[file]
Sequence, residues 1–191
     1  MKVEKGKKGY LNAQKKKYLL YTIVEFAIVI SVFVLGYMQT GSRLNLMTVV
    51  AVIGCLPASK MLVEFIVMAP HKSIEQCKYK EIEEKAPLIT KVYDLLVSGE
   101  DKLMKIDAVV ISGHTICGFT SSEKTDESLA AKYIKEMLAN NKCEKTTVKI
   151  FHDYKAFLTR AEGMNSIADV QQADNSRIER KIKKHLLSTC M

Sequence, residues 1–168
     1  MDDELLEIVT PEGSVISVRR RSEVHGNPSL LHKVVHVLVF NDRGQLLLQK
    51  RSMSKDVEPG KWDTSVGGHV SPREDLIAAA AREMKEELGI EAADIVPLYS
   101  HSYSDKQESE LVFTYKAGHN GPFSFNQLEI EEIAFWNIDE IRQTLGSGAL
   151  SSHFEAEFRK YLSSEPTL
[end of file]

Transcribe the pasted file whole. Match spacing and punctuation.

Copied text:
Sequence, residues 1–191
     1  MKVEKGKKGY LNAQKKKYLL YTIVEFAIVI SVFVLGYMQT GSRLNLMTVV
    51  AVIGCLPASK MLVEFIVMAP HKSIEQCKYK EIEEKAPLIT KVYDLLVSGE
   101  DKLMKIDAVV ISGHTICGFT SSEKTDESLA AKYIKEMLAN NKCEKTTVKI
   151  FHDYKAFLTR AEGMNSIADV QQADNSRIER KIKKHLLSTC M

Sequence, residues 1–168
     1  MDDELLEIVT PEGSVISVRR RSEVHGNPSL LHKVVHVLVF NDRGQLLLQK
    51  RSMSKDVEPG KWDTSVGGHV SPREDLIAAA AREMKEELGI EAADIVPLYS
   101  HSYSDKQESE LVFTYKAGHN GPFSFNQLEI EEIAFWNIDE IRQTLGSGAL
   151  SSHFEAEFRK YLSSEPTL